“Why do you come out here?” Tarris asked. “Aren’t you afraid of the serpents?”

Elos kept a light grip on his fishing pole. “Not a bit. They’re only real if you think they’re real.”

Tarris glanced uneasily at a tree-girth flash of undulating scales beneath the oily, moonspeckled surface of the water. “I think you might have that backwards,” he said. “They’re only real if they think they’re real. And they do. Just look at what happened to poor Kwen last year.”

“If you’re worried about the serpents, you’re missing the point,” said Elos. He paused. “Besides, what reasonable man would believe in them and believe that they can walk on land?”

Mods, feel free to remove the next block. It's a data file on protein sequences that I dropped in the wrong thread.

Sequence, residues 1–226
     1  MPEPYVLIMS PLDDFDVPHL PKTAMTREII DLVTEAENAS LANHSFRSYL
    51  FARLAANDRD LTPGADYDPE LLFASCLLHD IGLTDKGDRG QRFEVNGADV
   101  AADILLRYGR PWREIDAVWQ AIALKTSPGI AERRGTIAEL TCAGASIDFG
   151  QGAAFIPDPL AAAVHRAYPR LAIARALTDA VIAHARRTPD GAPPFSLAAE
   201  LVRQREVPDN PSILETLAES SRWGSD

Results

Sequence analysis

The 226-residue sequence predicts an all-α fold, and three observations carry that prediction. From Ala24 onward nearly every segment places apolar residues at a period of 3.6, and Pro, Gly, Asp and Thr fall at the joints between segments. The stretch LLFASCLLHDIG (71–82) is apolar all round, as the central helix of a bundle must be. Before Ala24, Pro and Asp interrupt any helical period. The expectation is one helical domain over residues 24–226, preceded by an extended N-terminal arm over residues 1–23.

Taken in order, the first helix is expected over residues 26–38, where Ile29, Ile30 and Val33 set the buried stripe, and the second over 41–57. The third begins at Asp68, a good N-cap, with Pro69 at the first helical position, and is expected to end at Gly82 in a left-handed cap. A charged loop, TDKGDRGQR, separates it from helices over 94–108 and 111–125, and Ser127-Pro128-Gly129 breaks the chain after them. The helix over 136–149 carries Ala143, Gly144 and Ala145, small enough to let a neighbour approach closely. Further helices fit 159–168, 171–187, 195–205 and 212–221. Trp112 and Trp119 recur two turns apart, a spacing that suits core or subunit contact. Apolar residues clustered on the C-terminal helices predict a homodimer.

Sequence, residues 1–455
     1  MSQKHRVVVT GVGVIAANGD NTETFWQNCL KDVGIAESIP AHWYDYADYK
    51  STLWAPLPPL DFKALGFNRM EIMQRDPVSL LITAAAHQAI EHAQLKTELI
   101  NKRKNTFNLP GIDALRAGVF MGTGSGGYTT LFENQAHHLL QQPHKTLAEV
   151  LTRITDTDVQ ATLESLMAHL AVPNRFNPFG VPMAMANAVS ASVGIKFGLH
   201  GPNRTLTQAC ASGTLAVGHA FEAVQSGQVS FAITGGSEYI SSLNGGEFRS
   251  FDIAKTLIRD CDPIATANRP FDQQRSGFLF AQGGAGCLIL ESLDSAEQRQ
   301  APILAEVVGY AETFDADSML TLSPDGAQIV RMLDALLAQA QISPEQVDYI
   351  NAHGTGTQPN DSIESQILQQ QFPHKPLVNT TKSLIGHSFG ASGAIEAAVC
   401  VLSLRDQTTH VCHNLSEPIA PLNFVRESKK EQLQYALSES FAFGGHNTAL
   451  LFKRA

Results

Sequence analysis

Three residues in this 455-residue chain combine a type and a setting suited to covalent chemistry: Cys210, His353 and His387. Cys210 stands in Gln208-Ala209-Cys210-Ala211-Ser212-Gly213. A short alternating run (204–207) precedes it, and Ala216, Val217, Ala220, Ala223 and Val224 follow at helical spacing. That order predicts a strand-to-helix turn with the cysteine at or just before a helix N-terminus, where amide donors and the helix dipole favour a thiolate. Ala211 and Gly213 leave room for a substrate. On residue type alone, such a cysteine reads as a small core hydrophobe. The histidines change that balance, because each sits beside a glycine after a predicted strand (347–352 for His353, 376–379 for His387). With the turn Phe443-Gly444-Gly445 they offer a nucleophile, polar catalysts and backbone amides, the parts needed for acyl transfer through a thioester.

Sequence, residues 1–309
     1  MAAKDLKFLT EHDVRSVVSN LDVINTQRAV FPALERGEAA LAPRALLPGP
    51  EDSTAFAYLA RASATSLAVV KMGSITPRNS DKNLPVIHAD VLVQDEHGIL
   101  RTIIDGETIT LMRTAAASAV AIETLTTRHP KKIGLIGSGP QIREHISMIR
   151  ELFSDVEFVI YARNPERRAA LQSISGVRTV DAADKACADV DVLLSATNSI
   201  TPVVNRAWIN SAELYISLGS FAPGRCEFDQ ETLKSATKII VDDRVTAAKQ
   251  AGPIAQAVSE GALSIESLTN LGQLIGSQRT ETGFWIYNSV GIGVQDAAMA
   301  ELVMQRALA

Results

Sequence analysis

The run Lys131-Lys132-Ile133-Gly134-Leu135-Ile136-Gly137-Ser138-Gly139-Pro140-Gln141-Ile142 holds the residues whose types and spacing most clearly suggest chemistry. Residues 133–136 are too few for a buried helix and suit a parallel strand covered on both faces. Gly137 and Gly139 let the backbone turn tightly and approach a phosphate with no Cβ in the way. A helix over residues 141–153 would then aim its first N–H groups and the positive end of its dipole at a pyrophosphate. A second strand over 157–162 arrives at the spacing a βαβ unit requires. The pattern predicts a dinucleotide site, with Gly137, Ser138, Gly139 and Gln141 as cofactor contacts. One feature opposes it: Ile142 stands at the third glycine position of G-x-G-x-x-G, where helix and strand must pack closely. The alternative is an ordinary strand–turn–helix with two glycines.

That seemed to satisfy Tarris, though he moved a few feet upland to the roots of the great tree that dominated their tiny islet. “So what is the point, then? The biting and stinging insects swarming around your lantern? The pile of fish you haven’t caught?”

Elos turned the lantern down, as dim as it would get without completely extinguishing. “Look out over the water.”

Tarris squinted. A light mist, the last remnant of the day’s heat, lay low over much of the water. Near the opposite shore, firebugs glistened eerily in the air. The half-moon above lit it all with just enough silver to make the mist, the shore, the points of light, stand out beautifully. The only noise was the lapping of water, the bussing of insects, and the bobbing of Elos’ lure.

“You see it?” Elos leaned back into the soft sand of the islet.

“Can’t say that I do, no,” said Tarris. “Can we go now?”

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